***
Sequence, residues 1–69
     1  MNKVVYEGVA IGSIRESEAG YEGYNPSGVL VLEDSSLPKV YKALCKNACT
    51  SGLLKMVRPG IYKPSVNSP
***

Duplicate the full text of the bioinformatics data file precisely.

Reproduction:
Sequence, residues 1–69
     1  MNKVVYEGVA IGSIRESEAG YEGYNPSGVL VLEDSSLPKV YKALCKNACT
    51  SGLLKMVRPG IYKPSVNSP